WHAT IS Mikhail S. Gorvachev's policy of glasnost all about? Is it a move, albeit tentative and complete, toward genuine freedom of the press? Or is it window-dressing designed to deceive the West into a false complacency regarding the true nature of the Russian communist system? Or can it be that glasnost is neither of the above and represents a peculiarly Soviet phenomenon which cannot be understood in familiar American terms?

Russian-English dictionaries offer a variety of translations, ranging from "openness" -- which smacks of propaganda. The political history of the term strongly supports the former, more far-reaching, interpretation.

For a Westerner eager to understand glasnost origins and contradictions there is hardly a better way to start than with Angus Roxburgh's new book Pravda: Inside the Soviet News Machine. Pravda is the official organ of the communist Party Central committee and by far the most important Soviet newspaper. It is in its pages that those who want to go "beyond socialism" would be likely to receive the Kremlin's verdict. "The rest of the soviet press takes it cue fro Pravda, and the rest of the world studies it -- not only as the official voice of the Kremlin, but as a facinating mirror in which Soviet life is reflected, and at times distorted."

Roxburgh is well qualified to write a history of Pravda. Currently with the BBC External Services, he spent three years in the Soviet Union. In addition to his library research, Roxburgh was able while in Moscow to visit the Pravda editorial offices and to interview in some depth a number of its staffers.

Pravda achieved its pre-eminent position among the Russsian media at the time of the Bolshevik revolution of November 1917. One of the new regime's first moves was to close papers associated with other parties and to confiscate their printing plants. In accordance with the view of V.I. Lenin, buy that time the undisputed Bolshevik leader, Pravda ws not really supposed to be in the information business. Instead it had to act "as a collective propagandist and organizer," under the direction of the party leadership.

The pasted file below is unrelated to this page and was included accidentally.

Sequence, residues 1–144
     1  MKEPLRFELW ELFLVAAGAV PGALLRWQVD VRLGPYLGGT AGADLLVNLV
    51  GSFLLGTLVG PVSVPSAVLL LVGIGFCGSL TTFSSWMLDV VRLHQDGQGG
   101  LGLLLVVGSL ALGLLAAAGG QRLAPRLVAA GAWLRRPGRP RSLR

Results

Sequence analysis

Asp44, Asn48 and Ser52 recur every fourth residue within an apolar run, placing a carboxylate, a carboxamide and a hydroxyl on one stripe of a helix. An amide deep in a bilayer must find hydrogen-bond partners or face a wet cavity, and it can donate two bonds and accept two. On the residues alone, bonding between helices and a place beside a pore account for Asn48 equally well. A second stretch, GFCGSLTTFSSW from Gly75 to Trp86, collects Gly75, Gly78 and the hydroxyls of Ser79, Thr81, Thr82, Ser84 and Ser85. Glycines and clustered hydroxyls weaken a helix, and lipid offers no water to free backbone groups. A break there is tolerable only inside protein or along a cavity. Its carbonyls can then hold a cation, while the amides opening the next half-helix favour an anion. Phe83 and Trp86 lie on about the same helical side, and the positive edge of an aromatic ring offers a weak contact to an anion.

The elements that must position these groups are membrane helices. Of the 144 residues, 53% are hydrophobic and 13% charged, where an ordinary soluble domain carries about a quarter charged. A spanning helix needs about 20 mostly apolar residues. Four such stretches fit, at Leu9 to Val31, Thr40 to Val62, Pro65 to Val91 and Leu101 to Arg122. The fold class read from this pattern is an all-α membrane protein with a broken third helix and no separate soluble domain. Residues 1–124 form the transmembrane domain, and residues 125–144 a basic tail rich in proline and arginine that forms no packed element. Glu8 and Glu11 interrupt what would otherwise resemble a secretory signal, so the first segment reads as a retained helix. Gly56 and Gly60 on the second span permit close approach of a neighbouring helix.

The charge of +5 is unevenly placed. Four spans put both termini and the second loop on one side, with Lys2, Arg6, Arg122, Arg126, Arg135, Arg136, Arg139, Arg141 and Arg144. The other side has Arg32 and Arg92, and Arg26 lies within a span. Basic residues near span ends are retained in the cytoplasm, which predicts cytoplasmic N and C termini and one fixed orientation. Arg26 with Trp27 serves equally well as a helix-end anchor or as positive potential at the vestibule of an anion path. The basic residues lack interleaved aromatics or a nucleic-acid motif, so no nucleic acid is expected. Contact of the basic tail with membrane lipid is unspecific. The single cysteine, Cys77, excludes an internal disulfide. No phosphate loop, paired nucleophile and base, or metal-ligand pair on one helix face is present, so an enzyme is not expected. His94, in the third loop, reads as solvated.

During the Civil War and immediately afterward, Pravda on occasion provided a platform for debates between Bolshevik factions. But by the late '20s, as Josef Stalin consolidated his power, Pravda had become his personal weapon. The paper functioned under guidance from Stalin's private secretariat. In the '30s, that guidance turned Pravda into an important tool in the political purge. Headline sin the paper during the mass terror were remarkably graphic: "Squash the Reptiles," "For Dogs -- a Dog's Death" and "No Mercy to the Traitors of the Motherland." To demonstrate popular endorsement of executions Pravda would go so far as to publish instantly "five full pages of letters of support and resolutions passed by workers at various factories (in some cases by the night shift, when Pravda must already have gone to press)."

When Stalin signed a non-aggression pact with Adolf Hitler in August 1939, the very word "fascism" disappeared overnight from Pravda's pages. AFter the war it was Pravda that orchestrated the Soviet media crusade against such writers as Anna Akhmatova and Mikhail Zoschenko. and it was in its pages that Stalin launched the campaign against "ruthless cosmopolitans" (read Jews).

After Stalin's death Pravda stopped being an instrument of terror. In the framework of Nikita S. Khrushchev's de-stalinzation drive even Aleksandr I. Solzhenitsyn for a while enjoyed favorable reviews by its literary critics. Still, "Pravda 'opened up' only to the extent decreed buy the top Party leadership." And it "closed down" again to a considerable degree after Khrushchev's ouster from office in October 1964 -- the ouster that Pravda, incidentally, only reported three days after it happened.